- Paperback: 632 pages
- Publisher: Apress; 1st ed. edition (September 16, 2009)
- Language: English
- ISBN-10: 1430219483
- ISBN-13: 978-1430219484
- Product Dimensions: 7 x 1.4 x 10 inches
- Shipping Weight: 2.8 pounds (View shipping rates and policies)
- Average Customer Review: 85 customer reviews
- Amazon Best Sellers Rank: #85,022 in Books (See Top 100 in Books)
Enter your mobile number or email address below and we'll send you a link to download the free Kindle App. Then you can start reading Kindle books on your smartphone, tablet, or computer - no Kindle device required.
To get the free app, enter your mobile phone number.
Coders at Work: Reflections on the Craft of Programming 1st ed. Edition
Use the Amazon App to scan ISBNs and compare prices.
"Enlightenment Now: The Case for Reason, Science, Humanism, and Progress"
Is the world really falling apart? Is the ideal of progress obsolete? Cognitive scientist and public intellectual Steven Pinker urges us to step back from the gory headlines and prophecies of doom, and instead, follow the data: In seventy-five jaw-dropping graphs, Pinker shows that life, health, prosperity, safety, peace, knowledge, and happiness are on the rise. Learn more
Frequently bought together
Customers who bought this item also bought
Customers who viewed this item also viewed
About the Author
Peter Seibel is a serious developer of long standing. In the early days of the Web, he hacked Perl for Mother Jones and Organic Online. He participated in the Java revolution as an early employee at WebLogic which, after its acquisition by BEA, became the cornerstone of the latter's rapid growth in the J2EE sphere. He has also taught Java programming at UC Berkeley Extension. He is the author of Practical Common LISP from Apress.
Top customer reviews
There was a problem filtering reviews right now. Please try again later.
Sometimes we take the leaders of an industry and blow their importance and worth out of proportion: "Only THEY could have done it." That doesn't make their accomplishment any lesser and I like that this book shows the humanity that hides behind code and products they've built.
It's tough to predict if this book will appeal to you. If you're a seasoned software industry professional with a deep love for the 'craft' of coding then you'll love this collection if interviews. I certainly did and it reminded me of why I got into this industry in the first place and it rekindled a love for coding.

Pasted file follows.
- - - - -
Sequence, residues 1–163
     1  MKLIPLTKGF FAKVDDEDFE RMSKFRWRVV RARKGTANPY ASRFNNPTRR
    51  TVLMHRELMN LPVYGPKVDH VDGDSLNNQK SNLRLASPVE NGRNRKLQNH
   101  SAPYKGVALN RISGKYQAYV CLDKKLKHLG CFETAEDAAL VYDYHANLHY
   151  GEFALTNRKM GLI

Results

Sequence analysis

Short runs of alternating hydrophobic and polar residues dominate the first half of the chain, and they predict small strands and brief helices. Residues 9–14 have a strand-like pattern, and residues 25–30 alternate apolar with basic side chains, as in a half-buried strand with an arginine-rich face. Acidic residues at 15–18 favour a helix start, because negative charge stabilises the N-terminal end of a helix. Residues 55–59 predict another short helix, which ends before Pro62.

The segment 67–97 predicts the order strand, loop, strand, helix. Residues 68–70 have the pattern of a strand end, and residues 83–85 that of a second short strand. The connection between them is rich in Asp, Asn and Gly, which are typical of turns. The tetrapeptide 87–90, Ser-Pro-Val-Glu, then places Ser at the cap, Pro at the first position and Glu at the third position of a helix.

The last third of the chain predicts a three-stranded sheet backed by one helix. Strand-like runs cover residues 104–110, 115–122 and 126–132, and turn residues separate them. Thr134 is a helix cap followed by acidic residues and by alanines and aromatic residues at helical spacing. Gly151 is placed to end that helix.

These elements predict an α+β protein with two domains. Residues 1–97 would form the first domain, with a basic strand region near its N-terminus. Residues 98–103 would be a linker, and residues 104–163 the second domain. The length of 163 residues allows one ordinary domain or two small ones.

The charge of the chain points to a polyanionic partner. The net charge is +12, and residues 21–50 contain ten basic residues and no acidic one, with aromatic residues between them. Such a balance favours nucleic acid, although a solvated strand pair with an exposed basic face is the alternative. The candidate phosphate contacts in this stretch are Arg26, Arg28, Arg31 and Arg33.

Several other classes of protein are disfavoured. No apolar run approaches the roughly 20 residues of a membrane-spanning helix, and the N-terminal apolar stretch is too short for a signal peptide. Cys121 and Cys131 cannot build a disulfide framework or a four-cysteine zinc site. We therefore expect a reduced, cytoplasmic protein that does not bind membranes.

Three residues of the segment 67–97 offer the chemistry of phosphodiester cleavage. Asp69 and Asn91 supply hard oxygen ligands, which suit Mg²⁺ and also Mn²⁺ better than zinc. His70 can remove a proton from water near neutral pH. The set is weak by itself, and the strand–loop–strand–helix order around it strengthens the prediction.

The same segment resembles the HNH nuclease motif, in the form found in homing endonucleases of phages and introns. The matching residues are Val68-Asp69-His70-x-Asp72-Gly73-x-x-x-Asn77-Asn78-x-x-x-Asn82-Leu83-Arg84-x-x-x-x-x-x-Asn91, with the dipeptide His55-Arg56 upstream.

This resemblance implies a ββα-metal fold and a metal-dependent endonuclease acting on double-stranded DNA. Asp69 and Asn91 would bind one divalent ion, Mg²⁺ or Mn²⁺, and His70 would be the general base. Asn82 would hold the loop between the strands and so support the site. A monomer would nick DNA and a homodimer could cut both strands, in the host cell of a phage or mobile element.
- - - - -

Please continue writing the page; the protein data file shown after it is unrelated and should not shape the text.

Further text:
The diversity of approaches, mindset, attitude, and execution of each of the coders interviewed is a welcome change from the onslaught of the "best practices" mindset which has become increasingly popular in recent years. Even more amazing is the levels of success that they have achieved in spite of (or perhaps, because of) their differences.
While some would find the repetition of questions or extended stories regarding the history of each coder yawn-inducing, I found it to be a refreshing break from the standard computer book fare. If you want to learn about a specific language, platform, or development process, you will want to buy a different book; it covers these topics in only the broadest sense.
My only gripes are minor: first, there are a surprising amount of typos. Second, the book tends to drag when Seibel does more of the talking than the interviewee. Thankfully, this doesn't happen often.
Ultimately, it is a good collection of opinions and war stories which will broaden your perspective towards code and people who write it.
Coders at Work benefits heavily from Peter Seibel's own experience programming, and his familiarity really helps drive the conversation in direction that true coders will appreciate. If you view programming as more than just a day job and are looking for ways to improve your craft, or just inspiration from hearing the tasks that others have been able to accomplish this is a great read.
Seibel presents questions from all kinds of aspects and ranging from plain-personal to pure-professional. It is a very good read.